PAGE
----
Visualization is a very powerful concept to understand complex trends and patterns buried in statistical data. There is a range of charts for different types and dimensions of data. Following are 7 charts often used to visualize statistical data:
1. Simple Bar Chart:
A horizontal or vertical bars of equal widths and lengths proportional to the values they represent is called simple bar chart. As the basis of comparison is linear or 1-dimensional, the widths of these bars have no significance but are taken into account to make the chart look attractive.
It is good practice that the space separating the bars should not exceed the width of the bar and should not be less than half of its width. The bars should neither be exceedingly long and narrow nor short and broad. The vertical bar chart is an effective tool for presenting a time series and qualitatively classified data whereas horizontal bars are useful for geographical or spatial distributions. If data do not relate to time, it should be arranged in ascending order before charting.
2. Multiple Bar Chart:
Two or more characteristics corresponding to the values of a common variable in the form of grouped bars is shown by a multiple bar chart. There lengths are proportional to the values of the characteristics. Each of it is shaded differently to aid identification. For Example imports, exports and production of a country can be compared from year to year by grouping the three bars together.
3. Component Bar Chart:
A technique in which each bar is divided into two or more sections is known as component bar chart. And proportional in size to the component parts of a total being displayed by each bar. Component bar chart are used to represent the cumulation of the various components of data and the percentages.
4. Rectangles and Sub-divided Rectangles:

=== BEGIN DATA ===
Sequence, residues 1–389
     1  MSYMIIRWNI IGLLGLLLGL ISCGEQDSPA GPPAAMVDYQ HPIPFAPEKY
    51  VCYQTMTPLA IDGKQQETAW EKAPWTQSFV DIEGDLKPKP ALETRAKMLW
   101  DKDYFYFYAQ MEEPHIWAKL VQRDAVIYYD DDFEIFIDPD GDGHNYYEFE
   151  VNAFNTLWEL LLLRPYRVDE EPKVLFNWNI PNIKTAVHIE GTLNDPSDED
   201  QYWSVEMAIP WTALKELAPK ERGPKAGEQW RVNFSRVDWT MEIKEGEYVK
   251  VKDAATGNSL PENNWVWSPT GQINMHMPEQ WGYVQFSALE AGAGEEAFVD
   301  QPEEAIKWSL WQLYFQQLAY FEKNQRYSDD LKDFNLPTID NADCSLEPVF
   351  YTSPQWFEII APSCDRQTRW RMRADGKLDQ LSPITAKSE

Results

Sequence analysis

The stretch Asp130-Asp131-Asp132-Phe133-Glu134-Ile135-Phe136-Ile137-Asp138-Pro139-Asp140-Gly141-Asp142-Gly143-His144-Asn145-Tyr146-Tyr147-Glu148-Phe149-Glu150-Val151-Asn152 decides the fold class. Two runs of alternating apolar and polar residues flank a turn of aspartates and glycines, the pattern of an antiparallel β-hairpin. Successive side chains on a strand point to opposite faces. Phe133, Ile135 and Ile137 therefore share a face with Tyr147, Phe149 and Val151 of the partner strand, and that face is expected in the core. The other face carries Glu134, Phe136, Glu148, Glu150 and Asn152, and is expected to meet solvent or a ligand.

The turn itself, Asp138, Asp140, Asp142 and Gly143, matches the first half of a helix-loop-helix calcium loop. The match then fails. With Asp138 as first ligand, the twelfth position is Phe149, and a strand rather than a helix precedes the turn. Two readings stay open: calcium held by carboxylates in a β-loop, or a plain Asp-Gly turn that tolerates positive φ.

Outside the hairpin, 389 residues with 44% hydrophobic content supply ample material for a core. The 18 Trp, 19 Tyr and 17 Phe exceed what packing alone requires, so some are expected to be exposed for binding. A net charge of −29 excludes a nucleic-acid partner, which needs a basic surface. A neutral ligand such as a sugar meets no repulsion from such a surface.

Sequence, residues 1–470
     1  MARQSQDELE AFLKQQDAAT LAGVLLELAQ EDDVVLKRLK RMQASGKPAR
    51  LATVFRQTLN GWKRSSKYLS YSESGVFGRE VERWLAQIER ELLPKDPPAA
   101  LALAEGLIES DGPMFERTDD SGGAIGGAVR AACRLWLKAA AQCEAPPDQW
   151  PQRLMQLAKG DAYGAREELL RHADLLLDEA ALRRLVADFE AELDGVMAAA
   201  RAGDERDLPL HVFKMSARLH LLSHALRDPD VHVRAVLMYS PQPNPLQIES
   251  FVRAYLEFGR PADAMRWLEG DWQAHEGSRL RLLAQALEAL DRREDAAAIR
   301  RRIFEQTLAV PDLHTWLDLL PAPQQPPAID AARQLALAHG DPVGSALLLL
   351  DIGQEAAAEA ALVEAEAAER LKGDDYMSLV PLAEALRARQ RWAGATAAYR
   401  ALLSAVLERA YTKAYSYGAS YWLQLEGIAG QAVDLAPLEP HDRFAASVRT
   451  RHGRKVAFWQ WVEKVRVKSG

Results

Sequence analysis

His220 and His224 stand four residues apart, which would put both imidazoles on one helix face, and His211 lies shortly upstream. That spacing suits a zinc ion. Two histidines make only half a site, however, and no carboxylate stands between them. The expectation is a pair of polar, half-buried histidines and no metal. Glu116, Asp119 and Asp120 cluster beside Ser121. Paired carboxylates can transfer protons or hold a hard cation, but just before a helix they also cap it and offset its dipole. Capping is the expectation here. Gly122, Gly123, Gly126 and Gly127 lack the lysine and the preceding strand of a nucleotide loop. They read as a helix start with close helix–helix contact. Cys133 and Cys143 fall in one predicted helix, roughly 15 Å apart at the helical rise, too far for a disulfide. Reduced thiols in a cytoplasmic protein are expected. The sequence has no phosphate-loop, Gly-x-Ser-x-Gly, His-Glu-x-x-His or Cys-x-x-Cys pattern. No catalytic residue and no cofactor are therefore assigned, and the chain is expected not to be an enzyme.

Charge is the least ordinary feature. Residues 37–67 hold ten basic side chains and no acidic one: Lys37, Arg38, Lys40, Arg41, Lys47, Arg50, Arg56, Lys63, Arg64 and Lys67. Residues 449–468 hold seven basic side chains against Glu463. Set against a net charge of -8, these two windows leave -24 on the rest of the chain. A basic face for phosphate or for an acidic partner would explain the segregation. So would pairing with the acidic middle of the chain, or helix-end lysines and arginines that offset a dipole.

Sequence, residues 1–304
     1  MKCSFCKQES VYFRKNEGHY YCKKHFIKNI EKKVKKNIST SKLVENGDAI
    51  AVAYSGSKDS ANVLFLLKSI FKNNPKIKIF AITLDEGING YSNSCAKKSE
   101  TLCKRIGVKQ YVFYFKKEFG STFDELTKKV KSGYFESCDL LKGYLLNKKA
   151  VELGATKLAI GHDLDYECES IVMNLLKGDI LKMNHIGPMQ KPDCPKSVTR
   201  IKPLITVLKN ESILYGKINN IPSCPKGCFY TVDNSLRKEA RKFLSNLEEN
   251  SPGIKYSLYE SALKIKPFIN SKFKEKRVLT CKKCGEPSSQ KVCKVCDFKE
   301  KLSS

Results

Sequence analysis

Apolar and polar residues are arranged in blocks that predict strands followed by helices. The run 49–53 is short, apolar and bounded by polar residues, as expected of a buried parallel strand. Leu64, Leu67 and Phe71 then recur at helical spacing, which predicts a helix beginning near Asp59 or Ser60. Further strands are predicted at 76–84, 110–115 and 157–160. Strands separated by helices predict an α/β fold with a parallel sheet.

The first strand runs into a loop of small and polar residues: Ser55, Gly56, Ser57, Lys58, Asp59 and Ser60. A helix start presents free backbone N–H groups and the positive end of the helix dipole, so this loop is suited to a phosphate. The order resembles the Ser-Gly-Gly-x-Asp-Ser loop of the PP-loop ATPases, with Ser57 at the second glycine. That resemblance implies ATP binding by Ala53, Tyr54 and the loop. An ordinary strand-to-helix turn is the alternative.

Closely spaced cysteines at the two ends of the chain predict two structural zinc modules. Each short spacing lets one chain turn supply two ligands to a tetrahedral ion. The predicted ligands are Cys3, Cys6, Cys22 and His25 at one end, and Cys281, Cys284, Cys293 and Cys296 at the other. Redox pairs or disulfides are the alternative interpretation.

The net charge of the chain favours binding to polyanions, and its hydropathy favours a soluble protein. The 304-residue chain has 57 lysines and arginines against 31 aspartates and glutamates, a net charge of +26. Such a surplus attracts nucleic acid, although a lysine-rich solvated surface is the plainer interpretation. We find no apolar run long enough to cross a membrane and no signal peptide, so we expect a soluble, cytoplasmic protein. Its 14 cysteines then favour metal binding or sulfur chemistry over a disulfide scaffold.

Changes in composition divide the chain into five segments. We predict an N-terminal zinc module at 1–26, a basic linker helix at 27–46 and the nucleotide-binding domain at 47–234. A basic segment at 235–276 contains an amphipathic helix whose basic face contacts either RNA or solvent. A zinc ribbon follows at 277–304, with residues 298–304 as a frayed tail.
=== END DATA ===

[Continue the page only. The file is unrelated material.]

The area of rectangle is equal to the product of its length and breadth. To represent a quantity by a rectangle, both length and breadth of the rectangle are used. Sub-divided rectangles are drawn for the data where the quantities along with their components are to be compared.
A pictogram is a popular tool for displaying statistical data using pictures or small symbols. It is said that a picture is worth ten thousand words. It is customary to represent a unit value of the data by a standard symbol or a picture and the whole quantity by an appropriate number of repetitious of symbol concerned. This means the large quantities should be represented by a larger number of symbols and not by large symbols. A quantity smaller than the unit is represented by a part of the picture or symbol used. The symbols or pictures to be used, must be simple and clear. A pictogram is virtually a bar chart constructed in pictorial way as the number of symbols or pictures corresponds to the length of a bar.
6. Pie Diagram:
A pie-diagram, also known as sector diagram, is a graphic device consisting of a circle divided into sectors or pie-shaped pieces whose areas are proportional to various parts into which the whole quantity is divided.
7. Profit and Loss Chart:
This is virtually a percentage component bar chart in which profits can be shown above the normal baseline and losses below the baseline. Since the bars are to be extended from the zero line to show losses, we start from the top.